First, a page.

Thousands of pregnant women in the UK have not got their Covid-19 vaccinations – and now, the government has launched a campaign urging them to avoid further delay.
Almost all (96.3%) of pregnant women admitted to hospital with Covid-19 symptoms between May and October 2021 were unvaccinated, according to data from the UK Obstetric Surveillance System. And a third of those women required respiratory support.
The campaign is calling on pregnant women not to wait to get either their first, second or booster jab, and it will highlight the risks of Covid-19 to mothers and babies, with testimonies of pregnant women who have had the vaccine to be broadcast on radio and social media.
Around one in five women admitted to hospital with the virus need to be delivered pre-term to help them recover, and one in five of their babies need care in the neonatal unit, the Department of Health and Social Care said.
England’s chief medical officer Chris Whitty previously said all the medical opinion is “really clear” that the benefits of vaccination far outweigh the risks. But there are still some myths that are circulating, which are preventing some expectant families from getting the vaccine.
To help you make an informed decision, we’ve broken down some of these common claims, telling you what the research really shows.
Myth 1: The covid jab increases your risk of miscarriage
There is no pattern from any reports so far which suggest any of the vaccines used in the UK, or reactions to them, increase the risk of miscarriage or stillbirth, the Medicines and Healthcare products Regulatory Agency (MHRA) said.
It said the numbers of reports of miscarriages and stillbirth are “low in relation to the number of pregnant women who have received Covid-19 vaccines to date and how commonly these events occur in the UK outside of the pandemic”.
Myth 2: The jab will affect your fertility
The rigorous evaluation completed to date did not show a link between changes to menstrual periods and related symptoms and Covid-19 vaccines.
The number of reports of menstrual disorders and vaginal bleeding is low in relation to both the number of people who have received vaccines to date and how common menstrual disorders are generally.
The menstrual changes reported are mostly transient in nature. The latest research suggests women’s menstrual cycles extend by one day on average after the vaccine.
There is no evidence to suggest that Covid-19 vaccines will affect fertility and the ability to have children.
Myth 3: The vaccine will affect birth outcomes
The research – which was the first from the UK focusing on safety outcomes for pregnant women – found similar birth outcomes for those who have had a Covid-19 vaccine and those who have not. Similar studies have been conducted abroad.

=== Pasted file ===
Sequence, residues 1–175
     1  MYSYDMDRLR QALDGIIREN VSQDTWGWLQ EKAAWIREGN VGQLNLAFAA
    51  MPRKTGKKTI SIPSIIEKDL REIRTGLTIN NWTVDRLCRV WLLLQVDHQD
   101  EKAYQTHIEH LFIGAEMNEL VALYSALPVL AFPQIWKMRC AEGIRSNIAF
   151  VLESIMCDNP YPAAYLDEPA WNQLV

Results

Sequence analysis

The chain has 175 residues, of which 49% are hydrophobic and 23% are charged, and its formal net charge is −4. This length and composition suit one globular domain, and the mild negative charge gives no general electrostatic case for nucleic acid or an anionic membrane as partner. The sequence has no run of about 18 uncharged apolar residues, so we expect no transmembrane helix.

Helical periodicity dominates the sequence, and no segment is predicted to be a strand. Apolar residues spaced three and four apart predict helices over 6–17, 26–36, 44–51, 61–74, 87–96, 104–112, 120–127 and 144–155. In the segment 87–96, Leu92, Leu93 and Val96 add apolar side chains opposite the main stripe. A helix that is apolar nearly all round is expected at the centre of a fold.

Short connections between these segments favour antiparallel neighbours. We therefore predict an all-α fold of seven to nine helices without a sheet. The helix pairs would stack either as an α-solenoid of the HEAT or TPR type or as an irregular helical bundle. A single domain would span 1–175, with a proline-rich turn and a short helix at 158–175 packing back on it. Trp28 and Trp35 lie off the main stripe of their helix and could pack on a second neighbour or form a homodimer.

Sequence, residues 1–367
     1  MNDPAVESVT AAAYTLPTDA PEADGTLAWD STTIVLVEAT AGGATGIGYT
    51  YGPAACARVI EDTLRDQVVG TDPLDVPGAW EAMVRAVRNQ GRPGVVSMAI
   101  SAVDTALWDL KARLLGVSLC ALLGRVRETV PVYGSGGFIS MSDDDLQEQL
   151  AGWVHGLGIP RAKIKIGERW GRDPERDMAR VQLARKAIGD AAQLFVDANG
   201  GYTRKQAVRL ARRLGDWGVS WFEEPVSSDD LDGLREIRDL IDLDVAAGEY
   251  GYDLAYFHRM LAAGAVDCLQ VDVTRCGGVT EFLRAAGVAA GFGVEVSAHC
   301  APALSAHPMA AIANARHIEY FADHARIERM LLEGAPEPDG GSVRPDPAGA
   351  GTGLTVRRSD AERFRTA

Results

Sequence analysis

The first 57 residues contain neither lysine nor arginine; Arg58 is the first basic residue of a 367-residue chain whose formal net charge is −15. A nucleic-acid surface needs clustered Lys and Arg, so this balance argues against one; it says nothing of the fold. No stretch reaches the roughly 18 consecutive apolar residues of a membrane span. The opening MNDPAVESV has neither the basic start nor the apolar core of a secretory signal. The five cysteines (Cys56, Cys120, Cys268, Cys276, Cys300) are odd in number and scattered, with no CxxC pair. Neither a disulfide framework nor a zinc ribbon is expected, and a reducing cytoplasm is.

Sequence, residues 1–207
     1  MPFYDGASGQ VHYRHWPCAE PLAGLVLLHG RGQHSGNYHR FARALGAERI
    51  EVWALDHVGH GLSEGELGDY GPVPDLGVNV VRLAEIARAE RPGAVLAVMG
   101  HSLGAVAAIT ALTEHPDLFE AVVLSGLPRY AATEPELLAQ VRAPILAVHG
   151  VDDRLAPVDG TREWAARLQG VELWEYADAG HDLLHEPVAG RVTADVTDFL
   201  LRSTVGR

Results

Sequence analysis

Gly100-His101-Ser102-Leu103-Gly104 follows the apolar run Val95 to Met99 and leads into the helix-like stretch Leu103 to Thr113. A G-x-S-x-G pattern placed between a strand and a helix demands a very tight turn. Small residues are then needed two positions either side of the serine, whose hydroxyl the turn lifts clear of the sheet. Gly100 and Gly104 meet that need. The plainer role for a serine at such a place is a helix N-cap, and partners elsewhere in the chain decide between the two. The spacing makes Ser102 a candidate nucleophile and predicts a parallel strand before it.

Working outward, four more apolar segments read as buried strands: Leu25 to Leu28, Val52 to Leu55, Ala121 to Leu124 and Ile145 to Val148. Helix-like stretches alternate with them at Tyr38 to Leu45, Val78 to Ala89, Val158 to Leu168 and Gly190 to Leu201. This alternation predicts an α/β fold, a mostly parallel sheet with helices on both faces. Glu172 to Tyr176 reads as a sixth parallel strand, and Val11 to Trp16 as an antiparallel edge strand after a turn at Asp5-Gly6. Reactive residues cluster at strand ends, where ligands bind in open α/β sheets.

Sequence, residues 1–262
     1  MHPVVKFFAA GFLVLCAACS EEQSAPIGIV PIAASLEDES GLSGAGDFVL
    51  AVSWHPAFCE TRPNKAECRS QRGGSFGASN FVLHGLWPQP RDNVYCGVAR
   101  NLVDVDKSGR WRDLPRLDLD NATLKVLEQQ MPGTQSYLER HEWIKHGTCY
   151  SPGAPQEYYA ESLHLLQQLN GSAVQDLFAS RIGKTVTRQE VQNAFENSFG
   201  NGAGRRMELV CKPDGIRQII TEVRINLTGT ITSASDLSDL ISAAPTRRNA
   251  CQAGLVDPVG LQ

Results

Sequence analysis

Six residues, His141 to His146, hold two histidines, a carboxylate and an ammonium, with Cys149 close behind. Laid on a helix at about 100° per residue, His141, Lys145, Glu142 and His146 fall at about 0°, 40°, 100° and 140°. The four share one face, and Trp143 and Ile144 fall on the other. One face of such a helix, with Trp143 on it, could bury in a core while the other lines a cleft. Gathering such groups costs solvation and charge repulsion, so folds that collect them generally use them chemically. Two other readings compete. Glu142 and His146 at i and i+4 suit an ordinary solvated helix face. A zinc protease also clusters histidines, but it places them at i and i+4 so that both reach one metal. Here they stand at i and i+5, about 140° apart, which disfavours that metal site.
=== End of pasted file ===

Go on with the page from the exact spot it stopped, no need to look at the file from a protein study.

There were no statistically significant differences in the data, with no increase in stillbirths or premature births, no abnormalities with development and no evidence of babies being smaller or bigger, the research team at St George’s, University of London said.
Thousands of pregnant women in England have been vaccinated against coronavirus, with no safety concerns reported.
Myth 4: The vaccine is riskier than Covid
Some parents-to-be are worried about what the vaccine will mean for their unborn child. However, several studies have shown that the vaccine is safe for pregnant mums and their babies, especially as the vaccine does not include a live strain of the virus.
In fact, if mums choose not to get vaccinated but catch Covid, this is more likely to affect the baby.
Pregnant women who do get symptomatic Covid-19, particularly in the third trimester, are two to three times more likely to give birth to their baby prematurely, according to data from the UK Obstetric Surveillance System. Premature birth remains the leading cause of death, illness and disability in babies.
Myth 5: There are too many ‘mixed messages’ about the vaccine
Over half of pregnant women (58%) have declined the Covid-19 vaccination, according to the Royal College of Obstetricians and Gynaecologists (RCOG) and the Royal College of Midwives (RCM). The groups blame “mixed messages” about the vaccine and pregnancy earlier in the pandemic.
However, both the NHS and CDC (US Centres for Disease Control), plus the UK’s Medicines and Healthcare products Regulatory Agency (MHRA), all recommend vaccinations for pregnant people.
Earlier in the pandemic, when the vaccine was newer and research only emerging, healthcare officials did warn against vaccinations for expectant mums. However, we now know far more about the virus and the vaccines, and earlier on in the year, healthcare officials said it was safe for this cohort to get the jab and actively encouraged them to do so.
So, there are plenty of reasons to go for the jab. If you have any other concerns about the jab while pregnant or trying for a baby, chat to your doctor or midwife.
This article originally appeared on HuffPost UK and has been updated.